w h o drove y o u to base love-making? . H e decides to put an end to them and sets out with a great l o a d of c h a r c o a l on his shoulder. there c o m e s the third scene. the weakling Ingellus (pp. propelled y o u to try y o u r lust on a n o b l e breed? T h e n he returns to the daughter of F r o t h o : Aut quis te. fulcris. in an entirely different plot. when he learns. 34 . 1 8 3 ff. Starcatherus returns to S w e d e n . . But he refuses to eat. he replies that with these coals he is going to sharpen the blunted spirit of King Ingellus. virgo claris dignissima egit in obscuram Venerem? . faber impulit ingenuam tentare cupidine improbe. maiden most w o r t h y of an illustrious b e d . lines 2009-2069. stirpem? fatum W h a t madness got into y o u ? W h a t fate. when he deems it necessary. the main event: Starcatherus takes o n the king himself. wicked smith. Ingelli dinem ad acuminis habitum carbonibus se regis hebetuperducturum. and Helga rehabilitated. 1 7 9 1 8 3 ) . that the h o r r o r s at the Danish court are n o longer tolerable. But this is merely a prelude.). but is soon recognized b y Ingellus and f r o m then on surrounded with an excess of deference. T o all w h o ask. with his supernatural speed.StarkaSr He showers the mutilated goldsmith with his c o n t e m p t : Quis furor incessit? Quod te. . fama rei crebrescente. H e is u n k n o w n to a n d treated w i t h disrespect b y the regina. . indulges in the m o s t incredible excesses a n d refinements of g a s t r o n o m y .^'' T h e old hero has just installed on the Swedish t h r o n e the y o u n g S y w a r d u s w h o w a s kept f r o m reigning b y his father's assassins. O n c e the execution is d o n e . He arrives in the hall where Ingellus. . w h e n c e he c o n tinues to observe D e n m a r k uncompromisingly and recrosses the straits. flings at the queen's head the presents w h i c h she ^° An old form of this episode inspired a fine passage in Beowulf. A n d y o u . then with her and her b r o t h e r s . at first with his wife. A f t e r a second " l e s s o n " given t o a well-intentioned but misguided y o u n g noble betrothed to another daughter of F r o t h o (pp.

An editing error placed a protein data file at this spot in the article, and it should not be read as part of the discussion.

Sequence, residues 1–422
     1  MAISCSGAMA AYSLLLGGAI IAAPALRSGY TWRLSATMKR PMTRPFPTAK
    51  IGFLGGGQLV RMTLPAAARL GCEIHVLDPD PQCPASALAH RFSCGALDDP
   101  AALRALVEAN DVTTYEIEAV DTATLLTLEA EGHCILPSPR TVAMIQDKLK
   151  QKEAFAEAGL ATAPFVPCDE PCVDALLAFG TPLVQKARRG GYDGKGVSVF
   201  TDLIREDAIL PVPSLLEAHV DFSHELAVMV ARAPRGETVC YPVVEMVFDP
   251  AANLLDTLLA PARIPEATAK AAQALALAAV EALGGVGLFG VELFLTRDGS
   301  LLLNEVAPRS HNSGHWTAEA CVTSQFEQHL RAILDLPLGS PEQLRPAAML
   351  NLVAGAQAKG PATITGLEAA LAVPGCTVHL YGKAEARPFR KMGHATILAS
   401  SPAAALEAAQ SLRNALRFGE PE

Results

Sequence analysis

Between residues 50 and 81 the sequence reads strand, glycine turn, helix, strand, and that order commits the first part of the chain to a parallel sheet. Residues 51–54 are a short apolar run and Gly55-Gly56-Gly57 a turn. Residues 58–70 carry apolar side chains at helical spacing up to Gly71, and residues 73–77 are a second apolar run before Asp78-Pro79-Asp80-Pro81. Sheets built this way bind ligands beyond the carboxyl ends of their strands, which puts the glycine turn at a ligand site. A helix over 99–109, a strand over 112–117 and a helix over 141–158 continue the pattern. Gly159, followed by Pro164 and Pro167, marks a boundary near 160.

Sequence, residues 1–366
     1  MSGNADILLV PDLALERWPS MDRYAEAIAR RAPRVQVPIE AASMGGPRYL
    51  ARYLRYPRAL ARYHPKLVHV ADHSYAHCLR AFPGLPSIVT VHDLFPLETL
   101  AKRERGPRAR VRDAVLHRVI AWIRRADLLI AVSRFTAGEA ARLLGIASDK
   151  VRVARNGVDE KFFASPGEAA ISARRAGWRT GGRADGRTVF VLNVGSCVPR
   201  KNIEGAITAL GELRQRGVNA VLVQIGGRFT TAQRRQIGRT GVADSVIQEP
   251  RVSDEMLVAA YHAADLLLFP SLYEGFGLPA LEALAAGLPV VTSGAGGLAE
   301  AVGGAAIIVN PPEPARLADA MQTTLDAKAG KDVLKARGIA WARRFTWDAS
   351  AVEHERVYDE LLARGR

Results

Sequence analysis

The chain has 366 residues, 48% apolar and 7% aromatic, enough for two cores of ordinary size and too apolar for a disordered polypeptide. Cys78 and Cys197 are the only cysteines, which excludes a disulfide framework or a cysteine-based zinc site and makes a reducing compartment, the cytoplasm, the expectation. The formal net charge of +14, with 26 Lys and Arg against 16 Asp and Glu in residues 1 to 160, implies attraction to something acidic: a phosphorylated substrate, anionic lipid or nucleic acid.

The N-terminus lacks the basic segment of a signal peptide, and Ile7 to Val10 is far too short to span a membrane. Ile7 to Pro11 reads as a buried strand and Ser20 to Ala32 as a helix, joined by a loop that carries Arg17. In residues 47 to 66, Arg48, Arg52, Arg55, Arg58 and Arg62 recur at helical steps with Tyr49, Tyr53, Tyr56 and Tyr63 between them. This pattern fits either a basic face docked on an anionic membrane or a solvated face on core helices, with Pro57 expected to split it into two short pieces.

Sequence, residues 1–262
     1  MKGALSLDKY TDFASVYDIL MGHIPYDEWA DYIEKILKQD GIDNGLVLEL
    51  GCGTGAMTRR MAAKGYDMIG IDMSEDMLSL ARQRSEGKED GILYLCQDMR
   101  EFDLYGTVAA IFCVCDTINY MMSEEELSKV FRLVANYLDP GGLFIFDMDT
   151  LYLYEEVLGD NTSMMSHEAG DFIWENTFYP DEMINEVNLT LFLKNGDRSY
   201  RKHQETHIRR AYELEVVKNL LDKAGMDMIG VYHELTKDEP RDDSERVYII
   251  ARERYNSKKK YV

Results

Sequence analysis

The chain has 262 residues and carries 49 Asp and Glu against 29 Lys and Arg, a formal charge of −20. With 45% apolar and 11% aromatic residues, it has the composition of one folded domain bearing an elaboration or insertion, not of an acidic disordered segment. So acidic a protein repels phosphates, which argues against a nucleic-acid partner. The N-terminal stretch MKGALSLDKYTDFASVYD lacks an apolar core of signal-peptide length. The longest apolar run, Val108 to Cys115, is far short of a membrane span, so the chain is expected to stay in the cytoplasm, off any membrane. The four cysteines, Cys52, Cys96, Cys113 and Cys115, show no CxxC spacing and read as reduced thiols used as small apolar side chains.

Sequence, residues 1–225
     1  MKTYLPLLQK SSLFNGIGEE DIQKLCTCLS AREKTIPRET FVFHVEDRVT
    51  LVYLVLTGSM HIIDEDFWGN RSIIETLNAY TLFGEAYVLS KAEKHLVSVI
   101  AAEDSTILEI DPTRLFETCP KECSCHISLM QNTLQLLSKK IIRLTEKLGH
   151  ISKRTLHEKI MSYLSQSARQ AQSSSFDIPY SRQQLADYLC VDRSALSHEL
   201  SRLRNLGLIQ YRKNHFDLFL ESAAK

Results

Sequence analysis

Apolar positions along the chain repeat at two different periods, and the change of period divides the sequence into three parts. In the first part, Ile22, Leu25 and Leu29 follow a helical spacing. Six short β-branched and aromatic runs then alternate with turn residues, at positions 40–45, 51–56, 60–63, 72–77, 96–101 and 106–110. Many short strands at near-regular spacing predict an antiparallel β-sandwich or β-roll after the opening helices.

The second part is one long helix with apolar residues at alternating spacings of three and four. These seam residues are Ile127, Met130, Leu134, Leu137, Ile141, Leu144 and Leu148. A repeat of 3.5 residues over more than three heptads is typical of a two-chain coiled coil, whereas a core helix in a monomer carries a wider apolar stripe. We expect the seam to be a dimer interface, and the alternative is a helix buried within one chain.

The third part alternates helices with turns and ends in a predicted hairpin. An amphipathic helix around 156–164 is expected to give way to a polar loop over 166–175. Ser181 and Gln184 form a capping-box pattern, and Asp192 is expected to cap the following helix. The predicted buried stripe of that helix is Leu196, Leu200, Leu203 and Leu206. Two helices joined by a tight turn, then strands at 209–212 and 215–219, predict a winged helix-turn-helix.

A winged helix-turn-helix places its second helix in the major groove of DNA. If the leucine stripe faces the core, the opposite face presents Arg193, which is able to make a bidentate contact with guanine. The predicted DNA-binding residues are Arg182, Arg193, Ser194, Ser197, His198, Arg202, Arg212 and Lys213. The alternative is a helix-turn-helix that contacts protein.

or avenging h i m . in the first p o e m . o n e o r t w o S c a n d i n a v i a n p o e m s . in the third person a n d with humiliating epithets. regis iugulum pari gaudens sequerer beatum funere regem batl" (st. 1 2 ) . abandoning himself to l u s t — a n d this in very coarse Latin. forty-nine in the second. I f o u n d a glutton. 7" In c o n t r a s t . and recites to Ingellus p o e m s of b o t h invective a n d exh o r t a t i o n . contio T h u s . In these Sapphic stanzas.o n e in the first p o e m . the depiction there of gluttony (st.StarkaSr ineptly offers h i m . w h o s e keenness has been perverted to license b y foul lust. he blames himself f o r the death of regum" (st. 1 9 ) : Sed probum quaerens adii gulosum deditum ventri vitioque regem cuius in luxum studium refudit foeda voluptas But seeking a virtuous king. the n e w king Ingellus (st. regum. overshadowing a n d outweighing the other ills. T h e source of these lyric pieces is certainly. but a b o v e all. hurls a b o n e at the musician in charge of mollifying h i m . f o r that w a s y o u r death w a r r a n t . f o r being virtute vacuus. . " W h y w a s I n o t there pete- F r o t h o : " I should never h a v e gone a w a y f r o m y o u . which f o l l o w s f o r example the m o v e m e n t s of Ingellus' hand o v e r the most secret parts of his wife's b o d y — a n d also f o r the gluttony w h i c h he calls petulantis stomachi ingluvies. t w e n t y . f o r not behaving like a king. f o r example. In this flood of eloquence. but the virtuosity and zest of S a x o h a v e n o less certainly o u t d o n e the originals. he refers to the y o u t h as king o n l y o n c e . maxime w h e n a treacherous guest butchered the king. here again. o n e given o v e r to belly and vice. 1 2 ) : 35 . the hero takes the y o u n g king to task for fraternizing with the murderers of his father instead of avenging h i m . . while at the s a m e time he recalls emphatically the c o n d u c t of the rex F r o t h o a n d the n o r m a l d e m e a n o r of reges and of the assembly of kings. " W h y did I not die with the king. 1 3 ) . T h e second p o e m develops boundlessly this theme of the degenerate king. .